Injury blog: Shoulder impingement
Do you have shoulder pain? Are you an office worker, professional athlete, hairdresser or full-time parent? These are just some of the types of people we see in the clinic who need help with shoulder pain. One of the most common complaints we treat here, at Back in Business Physio-therapy, is shoulder ‘impingement’ (aka subacromial impingement). “What is impingement?” we hear you ask. Read on to find out.
The shoulder is a pretty complex region of the body when it comes to anatomy and how it all works together to allow us to move. The connections between the arm bone ( humerus), collar bone ( clavicl’), shoulder blade ( scapula) and the rib cage, provide us with the perfect base for a limb that is able to move through an extremely wide range of motion… The most movement out of any other joint in the body. Having lots of movement is great because it means we can do lots of wonderful things like reach the back of our head to wash our hair and reach our backs too (like when tying an apron). In order to achieve this level of movement the shoulder has to be less sta-ble, and this leaves it prone to injury.
The arm bone and shoulder blade form the ‘ball and socket’ part of the shoulder, where a large amount of the movement takes place. The ligaments between these bones are quite loose and a group of muscles, known as the ‘rotator cuff’ muscles, help to keep the ‘ball’ of the arm bone posi-tioned correctly over the ‘socket’ of the shoulder blade, as well as aid with certain movements, including rotation or turning of the arm.
Over the top of the ball and socket joint sits the ‘acromion’, which is a bony prominence of the shoulder blade which creates a roof over the joint. Between the top of the ball and the bottom of the acromion is a small space known as the ‘subacromial space’. Some tendons of the arm mus-cles that create movement of the shoulder pass through this space on their way to their attach-ment site on the bones. There is also a ‘bursa’, which is a small sac of fluid which helps to keep movements around joints smooth and frictionless. There is quite a lot of tissue all crammed into one small space, and this is an important factor in the development of impingement.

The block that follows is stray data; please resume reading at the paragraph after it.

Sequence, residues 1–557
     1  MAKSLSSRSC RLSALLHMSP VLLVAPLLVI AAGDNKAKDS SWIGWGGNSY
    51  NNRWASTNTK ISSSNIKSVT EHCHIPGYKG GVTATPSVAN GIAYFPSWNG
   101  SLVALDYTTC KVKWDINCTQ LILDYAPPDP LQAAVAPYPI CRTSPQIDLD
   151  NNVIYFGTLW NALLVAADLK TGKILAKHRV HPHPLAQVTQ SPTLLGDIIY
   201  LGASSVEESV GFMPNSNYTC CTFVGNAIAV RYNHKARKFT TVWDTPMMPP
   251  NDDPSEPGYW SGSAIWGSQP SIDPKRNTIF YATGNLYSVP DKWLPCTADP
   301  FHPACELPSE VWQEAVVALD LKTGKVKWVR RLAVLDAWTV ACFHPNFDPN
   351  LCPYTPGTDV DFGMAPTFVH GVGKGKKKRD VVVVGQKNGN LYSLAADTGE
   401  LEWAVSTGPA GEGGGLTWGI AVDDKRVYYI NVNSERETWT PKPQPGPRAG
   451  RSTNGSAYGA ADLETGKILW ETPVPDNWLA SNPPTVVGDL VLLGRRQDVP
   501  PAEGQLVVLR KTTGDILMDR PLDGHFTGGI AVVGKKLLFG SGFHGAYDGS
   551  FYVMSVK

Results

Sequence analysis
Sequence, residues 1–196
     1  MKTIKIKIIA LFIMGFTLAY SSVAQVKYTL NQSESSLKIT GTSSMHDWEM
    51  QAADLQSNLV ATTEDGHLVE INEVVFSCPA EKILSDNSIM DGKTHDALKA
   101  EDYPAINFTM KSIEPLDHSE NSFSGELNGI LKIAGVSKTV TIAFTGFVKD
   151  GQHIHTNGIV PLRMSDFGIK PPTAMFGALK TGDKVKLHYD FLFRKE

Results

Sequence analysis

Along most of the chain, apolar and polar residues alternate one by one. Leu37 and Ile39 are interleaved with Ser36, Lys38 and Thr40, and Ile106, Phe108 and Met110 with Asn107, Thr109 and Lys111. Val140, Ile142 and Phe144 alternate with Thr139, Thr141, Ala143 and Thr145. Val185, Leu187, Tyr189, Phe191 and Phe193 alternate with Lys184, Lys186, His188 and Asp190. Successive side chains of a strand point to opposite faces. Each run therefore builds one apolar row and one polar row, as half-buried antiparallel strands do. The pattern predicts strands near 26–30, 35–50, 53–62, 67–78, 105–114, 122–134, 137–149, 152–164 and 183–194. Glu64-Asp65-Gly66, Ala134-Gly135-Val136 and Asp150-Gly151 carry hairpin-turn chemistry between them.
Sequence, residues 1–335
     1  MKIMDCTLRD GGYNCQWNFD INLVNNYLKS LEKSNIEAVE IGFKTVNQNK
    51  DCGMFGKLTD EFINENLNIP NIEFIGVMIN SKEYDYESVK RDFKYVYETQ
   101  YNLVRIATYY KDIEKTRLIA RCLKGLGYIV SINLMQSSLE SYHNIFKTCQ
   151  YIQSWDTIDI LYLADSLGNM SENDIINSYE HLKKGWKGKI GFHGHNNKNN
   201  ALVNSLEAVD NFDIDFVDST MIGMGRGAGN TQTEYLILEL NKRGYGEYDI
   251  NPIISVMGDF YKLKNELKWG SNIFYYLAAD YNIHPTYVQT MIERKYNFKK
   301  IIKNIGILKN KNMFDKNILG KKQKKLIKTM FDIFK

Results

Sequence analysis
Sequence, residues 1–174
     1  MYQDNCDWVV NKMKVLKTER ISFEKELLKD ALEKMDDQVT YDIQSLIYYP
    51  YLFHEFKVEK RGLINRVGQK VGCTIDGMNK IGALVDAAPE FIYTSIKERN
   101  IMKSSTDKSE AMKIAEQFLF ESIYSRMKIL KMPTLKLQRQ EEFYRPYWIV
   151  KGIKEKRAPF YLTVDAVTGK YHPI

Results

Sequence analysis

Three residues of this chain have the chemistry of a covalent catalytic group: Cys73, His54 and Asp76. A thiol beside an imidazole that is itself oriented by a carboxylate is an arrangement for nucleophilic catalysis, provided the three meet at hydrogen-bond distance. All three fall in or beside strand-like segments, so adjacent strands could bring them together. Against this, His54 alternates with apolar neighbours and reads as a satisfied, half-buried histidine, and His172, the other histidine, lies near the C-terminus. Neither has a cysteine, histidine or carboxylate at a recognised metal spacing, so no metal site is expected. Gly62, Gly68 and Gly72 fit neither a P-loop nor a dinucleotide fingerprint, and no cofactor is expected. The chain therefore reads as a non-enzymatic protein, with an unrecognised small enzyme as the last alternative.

Common causes of shoulder impingement include:
• Repetitive overarm throwing or other above-shoulder movements
• Long-standing poor posture or poor movement patterns
• De-conditioned or weak shoulder muscles from leading a sedentary lifestyle
• Heavy lifting
Anything that leads to the structures which pass through the subacromial space becoming irritat-ed and inflamed can cause impingement-related pain. Inflammation can lead to swelling of the tissues in the small space and when we move our arm up or out to the side, these tissues get pinched between the bones, and we feel pain. Any of the above-mentioned structures can be-come inflamed, but there is rarely just one tissue solely responsible. If the tendon of a rotator cuff muscle is inflamed, there is every chance the bursa will also be inflamed.
Signs and symptoms
Signs and symptoms of shoulder impingement include:
• Pain with arm movements (particularly movement in front and out to the side of the body)
• Pain with shoulder rotation
• Pain that radiates down the outside of the upper arm
• Reduced shoulder range of motion
At the root of most cases of shoulder impingement is poor and inefficient shoulder movement. When you come to see us for treatment, we will look beyond the shoulder to other areas of the body, like the spine. The neck and mid-back areas of the spine are regularly restricted and need some help to move well again. Once the spine moves well, shoulder function improves too.
The shoulder blade also needs to sit correctly over the rib cage in order for the ball and socket joint (and other joints) to work efficiently. Weakness of the muscles which stabilise the shoulder blade on the rib cage can lead to poor positioning of the blade during movement, so we will aim to improve this by giving you focused strengthening and stability exercises. A solid base = good, smooth movement.
Through a combination of us using our hand techniques (like massage and joint mobilisation), progressive exercises and lifestyle changes, you can expect to see positive changes quite quick-ly. The end goal of ensuring your pain doesn’t return is always a lengthier process and requires dedication from yourself (and us) to make sure the changes we make early on stay in place for time to come. We are here to help you every step of the way.
Shoulder pain? Call us today on 02 9922 6806
1. Brukner, P. et al. 2017. Clinical Sports Medicine. 5th ed. Australia: McGraw Hill Education
2. Gilroy, A. et al. 2012. Atlas of Anatomy. 2nd ed. Stuttgart: Thieme
- Rock Climbing and Shoulder Mechanics : https://www.back-in-business-physiotherapy.com/latest-news/305-rock-climbing.html
- Shoulder Stabilioty : https://www.back-in-business-physiotherapy.com/joint-stability-sp-161372761.html
- Shoulder Problems : https://www.back-in-business-physiotherapy.com/we-treat/shoulder-problems.html
Uploaded : 29 June 2021